“I definitely want to win,” Miller said. “Him being No. 1 and me being No. 2, I definitely want to win and I’m sure he would say the same thing, too. I’m Cam’s biggest fan, but Sunday, I definitely want to win.”

SERIES HISTORY

Denver has played Carolina fewer times than it has played any other team in the NFL. In three games against each other, the Broncos lead the series 2-1.

Carolina, however, won the most recent matchup in December of 2008 by a score of 30-10. It was the only game the teams have played with the Panthers as the home team.

NOTEWORTHY NUMBERS

  • The Broncos enter Sunday’s contest in Charlotte ranking fourth in the NFL or better in three major offensive categories: yards per game (399.5, 3rd), yards per play (6.1, 4th) and points per game (29.4, 4th). The Panthers are in the top 10 in yards per play (5.9, 7th) but rank in the bottom half in yards per game (344.9, 20th) and points per game (18.6, 27th).

  • Carolina has rushed for 116.3 yards per game in 2012, ahead of Denver’s 106.9.

  • Each team is in the top-10 in red zone touchdown percentage, as the Broncos rank second with touchdowns on 68.97% of their trips inside the 20-yard line and the Panthers rank seventh with touchdowns on 59.09% of their trips to the red zone.

  • Defensively, each team is in the top-10 in yards per play allowed and gives up fewer yards per game and per play than they average on offense. The Broncos allow 4.8 yards per play (2nd) and the Panthers allow 5.2 yards per play (10th).

  • In the red zone, Denver allows opponents to find paydirt 61.5% of the time (28th), while Carolina ranks sixth in the NFL with a percentage of 41.3.

ANY-MINUTE MILESTONES

  • After tying for fifth on the team’s all-time interception list with his Week 9 pick, cornerback Champ Bailey can move up another spot with an interception against Carolina. It would put him in a tie for fourth-place with former Bronco Tyrone Braxton.

  • Wide receiver Eric Decker, on the receiving end of a touchdown in five straight games, can tie the franchise record for most consecutive games with a TD reception if he extends the streak in Charlotte.

  • Defensive end Elvis Dumervil needs one forced fumble to tie for the NFL lead and set a career-high in that category.

  • Quarterback Peyton Manning needs a victory to tie Dan Marino for the third-most wins by a starting quarterback in NFL history (147). He also needs one passing touchdown to tie Marino for the second-most in NFL history (420).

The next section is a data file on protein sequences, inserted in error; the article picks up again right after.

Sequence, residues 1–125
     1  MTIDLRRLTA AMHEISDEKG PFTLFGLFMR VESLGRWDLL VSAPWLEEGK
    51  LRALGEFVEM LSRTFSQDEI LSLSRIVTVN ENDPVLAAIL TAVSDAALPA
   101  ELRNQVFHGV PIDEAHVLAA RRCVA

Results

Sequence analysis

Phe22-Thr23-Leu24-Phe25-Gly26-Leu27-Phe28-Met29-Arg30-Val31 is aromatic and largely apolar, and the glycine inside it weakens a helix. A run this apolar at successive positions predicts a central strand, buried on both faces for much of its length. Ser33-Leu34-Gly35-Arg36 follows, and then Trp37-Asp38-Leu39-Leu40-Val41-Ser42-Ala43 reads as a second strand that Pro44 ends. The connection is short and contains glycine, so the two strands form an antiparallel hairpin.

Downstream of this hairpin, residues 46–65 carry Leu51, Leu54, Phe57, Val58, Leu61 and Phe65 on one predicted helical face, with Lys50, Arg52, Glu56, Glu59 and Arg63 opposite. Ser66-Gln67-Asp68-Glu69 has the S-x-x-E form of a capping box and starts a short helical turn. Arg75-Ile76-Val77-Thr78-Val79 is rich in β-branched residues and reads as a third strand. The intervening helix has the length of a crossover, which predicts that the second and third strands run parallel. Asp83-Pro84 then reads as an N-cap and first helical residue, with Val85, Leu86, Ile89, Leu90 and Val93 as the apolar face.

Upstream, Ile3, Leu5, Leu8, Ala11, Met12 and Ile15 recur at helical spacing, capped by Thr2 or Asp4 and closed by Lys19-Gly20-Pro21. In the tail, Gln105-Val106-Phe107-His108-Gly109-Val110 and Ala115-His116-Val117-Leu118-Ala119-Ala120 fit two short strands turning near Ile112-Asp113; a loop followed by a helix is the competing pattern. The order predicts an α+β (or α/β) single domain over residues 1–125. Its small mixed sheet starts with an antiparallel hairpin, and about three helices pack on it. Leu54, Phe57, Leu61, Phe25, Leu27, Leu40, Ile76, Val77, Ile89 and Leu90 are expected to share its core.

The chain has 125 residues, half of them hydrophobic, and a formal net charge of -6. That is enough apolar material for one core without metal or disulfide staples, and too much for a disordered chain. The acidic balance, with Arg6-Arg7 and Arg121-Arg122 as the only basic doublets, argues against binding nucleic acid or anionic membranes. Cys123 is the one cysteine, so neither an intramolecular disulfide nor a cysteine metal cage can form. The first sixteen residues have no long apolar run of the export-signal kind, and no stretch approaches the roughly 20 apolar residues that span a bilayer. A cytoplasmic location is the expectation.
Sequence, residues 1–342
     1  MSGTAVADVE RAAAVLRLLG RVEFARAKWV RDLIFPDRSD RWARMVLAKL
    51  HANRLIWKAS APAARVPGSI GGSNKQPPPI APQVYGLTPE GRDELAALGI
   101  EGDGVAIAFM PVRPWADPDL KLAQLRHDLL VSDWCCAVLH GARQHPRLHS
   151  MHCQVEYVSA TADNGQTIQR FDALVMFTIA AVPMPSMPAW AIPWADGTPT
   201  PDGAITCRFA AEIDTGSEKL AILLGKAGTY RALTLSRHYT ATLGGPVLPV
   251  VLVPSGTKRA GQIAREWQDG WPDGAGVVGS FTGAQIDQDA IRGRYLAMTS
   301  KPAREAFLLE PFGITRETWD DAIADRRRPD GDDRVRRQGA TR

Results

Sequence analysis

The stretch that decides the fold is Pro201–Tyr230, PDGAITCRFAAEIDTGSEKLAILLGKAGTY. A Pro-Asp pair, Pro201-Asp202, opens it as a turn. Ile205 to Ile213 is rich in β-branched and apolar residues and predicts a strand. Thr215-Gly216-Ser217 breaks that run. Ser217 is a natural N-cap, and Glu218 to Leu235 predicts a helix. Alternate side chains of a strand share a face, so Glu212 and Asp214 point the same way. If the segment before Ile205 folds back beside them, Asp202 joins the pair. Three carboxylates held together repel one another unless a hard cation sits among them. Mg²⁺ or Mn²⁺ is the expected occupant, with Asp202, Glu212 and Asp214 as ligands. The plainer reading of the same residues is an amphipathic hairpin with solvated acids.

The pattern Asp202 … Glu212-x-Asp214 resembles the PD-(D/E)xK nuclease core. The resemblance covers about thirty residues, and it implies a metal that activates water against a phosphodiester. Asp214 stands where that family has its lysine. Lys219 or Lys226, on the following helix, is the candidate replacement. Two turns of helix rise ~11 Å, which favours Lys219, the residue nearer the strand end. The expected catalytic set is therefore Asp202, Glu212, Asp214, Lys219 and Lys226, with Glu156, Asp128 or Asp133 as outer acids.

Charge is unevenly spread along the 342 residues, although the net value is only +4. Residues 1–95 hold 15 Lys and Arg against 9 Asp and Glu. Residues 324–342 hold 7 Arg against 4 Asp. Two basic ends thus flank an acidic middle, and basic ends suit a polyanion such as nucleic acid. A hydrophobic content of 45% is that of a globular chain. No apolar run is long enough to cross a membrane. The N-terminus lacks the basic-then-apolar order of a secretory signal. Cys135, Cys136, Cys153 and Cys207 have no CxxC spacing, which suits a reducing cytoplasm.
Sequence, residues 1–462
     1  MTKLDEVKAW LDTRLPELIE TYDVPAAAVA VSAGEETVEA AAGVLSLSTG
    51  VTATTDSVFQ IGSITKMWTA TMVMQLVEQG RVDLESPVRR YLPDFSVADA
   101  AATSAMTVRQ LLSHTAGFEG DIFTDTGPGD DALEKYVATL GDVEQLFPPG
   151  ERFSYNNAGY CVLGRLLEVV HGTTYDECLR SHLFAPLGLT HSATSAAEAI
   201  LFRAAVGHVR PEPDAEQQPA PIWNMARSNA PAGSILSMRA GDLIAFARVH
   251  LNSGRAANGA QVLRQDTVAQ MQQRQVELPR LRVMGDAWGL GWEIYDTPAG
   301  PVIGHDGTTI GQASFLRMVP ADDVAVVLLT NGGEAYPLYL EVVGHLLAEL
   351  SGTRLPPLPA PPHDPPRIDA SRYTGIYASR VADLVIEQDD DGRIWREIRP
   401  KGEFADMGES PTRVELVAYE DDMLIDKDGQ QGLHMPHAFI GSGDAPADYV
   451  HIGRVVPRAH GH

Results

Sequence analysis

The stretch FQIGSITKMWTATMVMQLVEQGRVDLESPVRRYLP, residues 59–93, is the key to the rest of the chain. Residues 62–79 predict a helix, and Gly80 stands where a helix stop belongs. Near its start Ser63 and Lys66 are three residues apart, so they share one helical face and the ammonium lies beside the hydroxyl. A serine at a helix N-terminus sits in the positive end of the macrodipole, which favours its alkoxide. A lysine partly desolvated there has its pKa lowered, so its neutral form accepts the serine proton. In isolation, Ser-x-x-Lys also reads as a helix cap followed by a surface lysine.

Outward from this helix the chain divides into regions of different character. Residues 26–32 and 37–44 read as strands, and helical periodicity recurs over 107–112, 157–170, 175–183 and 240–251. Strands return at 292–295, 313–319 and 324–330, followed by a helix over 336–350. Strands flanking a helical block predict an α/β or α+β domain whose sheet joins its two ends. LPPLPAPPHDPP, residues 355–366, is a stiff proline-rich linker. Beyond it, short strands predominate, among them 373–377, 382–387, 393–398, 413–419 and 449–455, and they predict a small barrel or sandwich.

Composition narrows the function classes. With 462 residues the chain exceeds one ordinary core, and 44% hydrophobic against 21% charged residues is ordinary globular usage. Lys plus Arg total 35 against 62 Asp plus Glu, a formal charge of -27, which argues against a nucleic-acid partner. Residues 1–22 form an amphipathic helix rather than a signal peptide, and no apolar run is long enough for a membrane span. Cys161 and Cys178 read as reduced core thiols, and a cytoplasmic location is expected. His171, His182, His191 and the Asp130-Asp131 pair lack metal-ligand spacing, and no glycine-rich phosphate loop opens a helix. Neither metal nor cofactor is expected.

• Running back Willis McGahee is 14 rushing yards shy of becoming the 44th player in NFL history to reach the 8,000 yard mark.

  • Linebacker Von Miller is one tackle for a loss away from passing Houston’s J.J. Watt for the NFL lead in that category. He also needs a half sack to tie Dumervil and Rulon Jones for the most (21) by a Bronco in his first two NFL seasons.

  • With a Broncos win and a New York Giants loss on Sunday, Fox will tie Giants Head Coach Tom Coughlin for the third-most wins among active NFL head coaches.

COACHES’ HOMECOMING

Several coaches on Denver’s staff have prior experience in Carolina. Head Coach John Fox got his first head coaching opportunity with the Panthers and stayed there for nine years (2002-10). Fox was joined in Carolina by several other coaches who are now with him in Denver.

Defensive Coordinator Jack Del Rio was Fox’s D-coordinator in 2002 before taking a head coaching job in Jacksonville.

Offensive Coordinator Mike McCoy held various offensive coaching positions with the Panthers from 2000-08.

Special Teams Coordinator Jeff Rodgers (2009-10), Assistant Secondary Coach Sam Garnes (2010), Offensive Line Coach Dave Magazu (2003-10), Secondary Coach Ron Milus (2009-10), Linebackers Coach Richard Smith (2009-10) and Wide Receivers Coach Tyke Tolbert (2010) all worked with Fox in Carolina.

Linebacker Nate Irving is from Wallace, N.C. and played at NC State for five years.

BROADCAST INFORMATION

The game will be televised on CBS, with the network’s No. 1 crew of Jim Nantz (play-by-play) and Phil Simms (color commentary) calling the game, marking 13 of the last 14 Broncos games that have been called by a network’s top crew.

Locally, KOA Radio (850 AM) will feature Dave Logan (play-by-play) and Ed McCaffrey (color commentary) with Alan Roach reporting from the sidelines.